Linux Applications

Color Picker in Atom Editor

Designers and web developer often use HEX code in their CSS files to tell what color a certain element is going to be. This method has its own merits and flaws. It helps tremendously as it standardizes the entire workflow among different developers.You can use different kinds of display with varying color accuracy and still stick to the original color palette without any confusion. But often times it is cumbersome to use HEX codes to represent colors. The number itself means nothing to a human developer and that can hinder creativity.While you can use a multitude of color pickers from Adobe to W3Schools’s HTML color picker, switching between them and your editor can break concentration and make your life much more difficult.

To remedy this situation, let’s look at a color picker that you can install as a plugin to Atom Text Editor making the entire process much smoother.  You need to have Atom installed on your system. Once you have that installed, you can install this particular package on top of it. It has more than 1.7 million downloads and that makes it stand out, if you do decide to search via Atom Editor itself.

Installing Color Picker

Open up the Settings [CTRL + ,] in your Atom Editor, and in the Install section search for new packages.

Install the color-picker (version 2.3.0 or later) and once it is installed, remember to Enable it.

Once all of it is done. You can go ahead and open a new text file and we can start testing it.

Various Color Picking Options

Open up a new file inside Atom, and with it open use the keybinding [CTRL+ALT+C] if you are on Windows or Linux or use [CMD+SHIFT+C] if you use Mac OSX.

You will see a number of sliders and different bars on the right. The one on right most is to select the color left to it is the bar which determines the opacity of your color and the square in the middle decides what shade of a given color will be selected.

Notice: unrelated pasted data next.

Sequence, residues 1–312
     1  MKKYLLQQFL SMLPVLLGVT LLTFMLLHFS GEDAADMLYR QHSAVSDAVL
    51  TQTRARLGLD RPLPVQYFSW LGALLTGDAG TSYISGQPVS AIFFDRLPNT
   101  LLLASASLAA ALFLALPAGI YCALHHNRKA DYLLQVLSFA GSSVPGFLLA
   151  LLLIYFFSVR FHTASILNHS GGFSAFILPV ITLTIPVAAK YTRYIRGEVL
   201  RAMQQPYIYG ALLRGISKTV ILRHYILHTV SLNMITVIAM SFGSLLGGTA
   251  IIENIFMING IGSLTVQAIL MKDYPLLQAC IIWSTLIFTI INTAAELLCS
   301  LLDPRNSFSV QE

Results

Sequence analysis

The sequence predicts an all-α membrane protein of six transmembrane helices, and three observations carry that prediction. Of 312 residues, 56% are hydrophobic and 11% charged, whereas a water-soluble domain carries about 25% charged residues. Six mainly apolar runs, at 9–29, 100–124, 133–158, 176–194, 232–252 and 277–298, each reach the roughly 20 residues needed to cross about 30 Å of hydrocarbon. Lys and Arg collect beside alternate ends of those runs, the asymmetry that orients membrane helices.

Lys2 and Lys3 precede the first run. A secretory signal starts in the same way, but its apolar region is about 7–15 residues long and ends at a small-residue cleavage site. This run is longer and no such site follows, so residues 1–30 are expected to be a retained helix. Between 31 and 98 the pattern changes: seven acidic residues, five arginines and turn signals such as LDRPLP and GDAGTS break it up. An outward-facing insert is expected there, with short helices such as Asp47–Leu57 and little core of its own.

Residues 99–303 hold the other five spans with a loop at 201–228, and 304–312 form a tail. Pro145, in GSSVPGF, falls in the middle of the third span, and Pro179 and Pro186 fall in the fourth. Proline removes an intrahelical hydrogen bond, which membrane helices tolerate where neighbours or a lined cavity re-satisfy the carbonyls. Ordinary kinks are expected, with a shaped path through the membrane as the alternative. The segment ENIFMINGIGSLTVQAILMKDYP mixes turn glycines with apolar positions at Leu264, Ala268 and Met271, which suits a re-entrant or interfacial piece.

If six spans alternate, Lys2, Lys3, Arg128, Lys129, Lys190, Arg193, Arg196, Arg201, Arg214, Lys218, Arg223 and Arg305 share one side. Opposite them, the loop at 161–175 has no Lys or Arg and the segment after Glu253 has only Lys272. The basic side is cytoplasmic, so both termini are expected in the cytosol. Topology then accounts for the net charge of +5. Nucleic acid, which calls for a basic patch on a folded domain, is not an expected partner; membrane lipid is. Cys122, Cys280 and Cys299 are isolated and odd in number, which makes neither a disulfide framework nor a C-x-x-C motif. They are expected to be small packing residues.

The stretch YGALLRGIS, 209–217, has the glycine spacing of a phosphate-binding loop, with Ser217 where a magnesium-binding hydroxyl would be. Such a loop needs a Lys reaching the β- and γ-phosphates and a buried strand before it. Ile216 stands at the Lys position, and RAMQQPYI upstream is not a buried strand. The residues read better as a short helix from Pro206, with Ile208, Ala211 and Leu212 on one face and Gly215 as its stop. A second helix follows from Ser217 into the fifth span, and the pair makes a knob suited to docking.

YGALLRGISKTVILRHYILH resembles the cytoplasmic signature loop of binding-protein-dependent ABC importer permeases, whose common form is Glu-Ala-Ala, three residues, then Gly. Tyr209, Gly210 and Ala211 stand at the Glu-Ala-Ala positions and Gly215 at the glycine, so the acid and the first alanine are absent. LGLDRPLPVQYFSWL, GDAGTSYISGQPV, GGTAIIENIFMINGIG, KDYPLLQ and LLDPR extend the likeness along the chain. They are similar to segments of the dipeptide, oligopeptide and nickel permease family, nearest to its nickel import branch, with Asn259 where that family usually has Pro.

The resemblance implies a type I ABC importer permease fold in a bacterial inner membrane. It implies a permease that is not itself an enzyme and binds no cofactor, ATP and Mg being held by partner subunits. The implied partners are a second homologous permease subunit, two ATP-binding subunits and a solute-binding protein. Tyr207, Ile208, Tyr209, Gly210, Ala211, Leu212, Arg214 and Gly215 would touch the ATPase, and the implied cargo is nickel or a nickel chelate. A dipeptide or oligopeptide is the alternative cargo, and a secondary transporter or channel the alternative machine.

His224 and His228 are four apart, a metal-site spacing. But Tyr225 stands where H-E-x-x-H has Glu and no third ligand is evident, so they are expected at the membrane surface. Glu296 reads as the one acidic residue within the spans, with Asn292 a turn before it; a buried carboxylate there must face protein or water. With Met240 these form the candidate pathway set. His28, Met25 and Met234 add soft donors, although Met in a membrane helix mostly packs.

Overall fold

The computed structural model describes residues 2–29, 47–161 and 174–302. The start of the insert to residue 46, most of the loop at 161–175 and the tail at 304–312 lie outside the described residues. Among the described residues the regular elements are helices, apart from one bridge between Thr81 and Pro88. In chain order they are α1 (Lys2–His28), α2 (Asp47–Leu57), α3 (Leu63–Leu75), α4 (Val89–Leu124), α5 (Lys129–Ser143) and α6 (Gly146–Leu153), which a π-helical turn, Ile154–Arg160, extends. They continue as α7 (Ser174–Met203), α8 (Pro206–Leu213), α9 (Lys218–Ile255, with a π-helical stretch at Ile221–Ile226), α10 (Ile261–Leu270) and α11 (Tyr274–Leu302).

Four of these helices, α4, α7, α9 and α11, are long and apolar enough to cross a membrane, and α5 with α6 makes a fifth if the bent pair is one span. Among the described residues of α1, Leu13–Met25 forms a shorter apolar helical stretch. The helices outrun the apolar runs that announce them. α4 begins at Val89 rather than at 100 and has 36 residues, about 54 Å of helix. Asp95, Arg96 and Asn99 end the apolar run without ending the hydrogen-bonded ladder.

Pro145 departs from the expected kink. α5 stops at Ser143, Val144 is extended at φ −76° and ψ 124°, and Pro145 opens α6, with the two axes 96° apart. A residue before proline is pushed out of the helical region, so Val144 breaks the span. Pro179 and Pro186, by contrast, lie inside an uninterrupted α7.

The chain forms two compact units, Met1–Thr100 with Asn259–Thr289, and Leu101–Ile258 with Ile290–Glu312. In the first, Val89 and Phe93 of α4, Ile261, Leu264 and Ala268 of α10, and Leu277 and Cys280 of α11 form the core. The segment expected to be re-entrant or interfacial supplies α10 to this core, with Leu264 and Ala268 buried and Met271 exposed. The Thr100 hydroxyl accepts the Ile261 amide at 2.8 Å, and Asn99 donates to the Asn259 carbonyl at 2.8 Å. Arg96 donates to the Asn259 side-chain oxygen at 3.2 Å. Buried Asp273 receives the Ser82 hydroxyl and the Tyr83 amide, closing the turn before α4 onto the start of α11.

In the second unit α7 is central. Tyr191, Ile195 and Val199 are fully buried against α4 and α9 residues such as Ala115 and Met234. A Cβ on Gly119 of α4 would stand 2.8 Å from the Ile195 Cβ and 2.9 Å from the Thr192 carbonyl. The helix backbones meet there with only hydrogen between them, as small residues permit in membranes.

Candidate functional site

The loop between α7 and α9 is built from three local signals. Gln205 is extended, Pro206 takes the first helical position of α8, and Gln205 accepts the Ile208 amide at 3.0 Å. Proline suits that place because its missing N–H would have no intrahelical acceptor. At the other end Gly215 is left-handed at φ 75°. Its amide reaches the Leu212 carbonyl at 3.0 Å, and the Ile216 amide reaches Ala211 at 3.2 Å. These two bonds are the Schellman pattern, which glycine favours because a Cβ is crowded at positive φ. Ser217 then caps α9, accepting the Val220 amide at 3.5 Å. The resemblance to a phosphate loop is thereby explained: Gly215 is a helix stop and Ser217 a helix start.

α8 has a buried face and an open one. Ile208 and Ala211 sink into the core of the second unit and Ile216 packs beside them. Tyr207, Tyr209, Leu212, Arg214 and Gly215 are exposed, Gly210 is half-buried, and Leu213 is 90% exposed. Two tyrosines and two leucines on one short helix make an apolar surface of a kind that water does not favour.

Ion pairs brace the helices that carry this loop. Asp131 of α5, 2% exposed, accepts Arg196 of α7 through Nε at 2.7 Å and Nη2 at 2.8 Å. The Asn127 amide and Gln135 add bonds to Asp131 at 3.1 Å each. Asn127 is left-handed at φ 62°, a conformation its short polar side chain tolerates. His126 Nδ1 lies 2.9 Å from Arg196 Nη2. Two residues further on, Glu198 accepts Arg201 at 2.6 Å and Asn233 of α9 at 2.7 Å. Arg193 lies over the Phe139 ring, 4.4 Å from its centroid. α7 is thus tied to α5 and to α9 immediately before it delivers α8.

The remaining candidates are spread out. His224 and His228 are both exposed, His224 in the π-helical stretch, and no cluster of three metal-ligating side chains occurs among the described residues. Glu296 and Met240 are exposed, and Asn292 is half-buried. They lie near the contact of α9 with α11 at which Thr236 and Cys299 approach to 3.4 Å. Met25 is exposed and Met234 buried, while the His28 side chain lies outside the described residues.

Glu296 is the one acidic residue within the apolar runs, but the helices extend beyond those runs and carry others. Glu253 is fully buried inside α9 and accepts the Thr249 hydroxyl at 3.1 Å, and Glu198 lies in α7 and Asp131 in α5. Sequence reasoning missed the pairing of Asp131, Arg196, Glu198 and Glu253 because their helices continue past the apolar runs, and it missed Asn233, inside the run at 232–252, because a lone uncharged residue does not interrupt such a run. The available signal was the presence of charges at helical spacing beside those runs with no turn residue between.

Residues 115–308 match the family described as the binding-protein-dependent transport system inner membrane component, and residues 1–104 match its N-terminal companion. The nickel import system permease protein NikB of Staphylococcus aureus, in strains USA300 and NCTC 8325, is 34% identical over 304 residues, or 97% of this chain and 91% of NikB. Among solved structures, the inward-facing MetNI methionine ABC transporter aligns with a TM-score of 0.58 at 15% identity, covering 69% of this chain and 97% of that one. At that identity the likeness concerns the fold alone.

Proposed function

You can go extremely light shade which would look white no matter what the initial choice of your color was or you can pick a completely greyed out version of it or black. The normal use case involves picking something in between which fits your use case.

For example, people use different colors for the same element to make the site feel a bit more interactive. The hyperlinks can be assigned color blue and when you hover your mouse over it, the color changes to black.

Opacity is yet another important factor that developers use to hide elements underneath a colored patch, and when the user performs a certain action, the opacity goes to zero and the element underneath is made visible.

Different Standards

You will notice that the colors can be shown in different standards, most notably in RGB (Red Green and Blue), HEX and HSL formats.

Let’s start with HEX format, since it is used quite a bit, at least at the beginner’s level.

It is simply a hexadecimal digit (which is a numbering system that goes from 0 to 9 and then has a represent 10, b represent 11 and so on, till 15 which is represented using f). Pick a color using the color picker package, click on the HEX button below the widget and you will see that the corresponding hex code for that color is pasted in your editor.

The next standard uses RGB which shows what percent of a color is  Red, what percent is Green and how much is Blue.

The same color as above has the RGB representation as follows

Lastly, you need to know about HSL which stands for Hue, Saturation and Lightness.

Hue represents what color does the element have. It could range from red end of the spectrum all the way to blue and it simply ignores the colors as combinations of red, green and blue (at least from the developer’s standpoint).  This is often described as a color wheel with red, green and blue 60 degrees apart from one another, but color picker had opened it up to a single bar on the right.

The next thing to worry about is saturation, which describes how intense the color is going to be. Completely saturated colors have no shades of grey, 50% saturated are lighter colors and 0% ones are indistinguishable from grey. The square space is perfect for selecting this.

Lightness describes how bright the colors are going to appear. 100% light colors are indistinguishable from white and 0% ones appear completely black. For example, if your site has a lot of reading material in it, you would want a less bright solution to make it easier for reader to engage. So that’s HSL.


Editors like Atom and Visual Studio code have an entire ethos of useful packages and themes built around them. Color picker is but one example that a developer can use to forgo unnecessary trips to W3Schools or Stack Overflow. Using color picker still requires you to have a color accurate display which is properly calibrated.

Once you have decided the color palette for your project, however, you can start building projects faster and smoother using packages like Color picker.

About the author

Ranvir Singh

I am a tech and science writer with quite a diverse range of interests. A strong believer of the Unix philosophy. Few of the things I am passionate about include system administration, computer hardware and physics.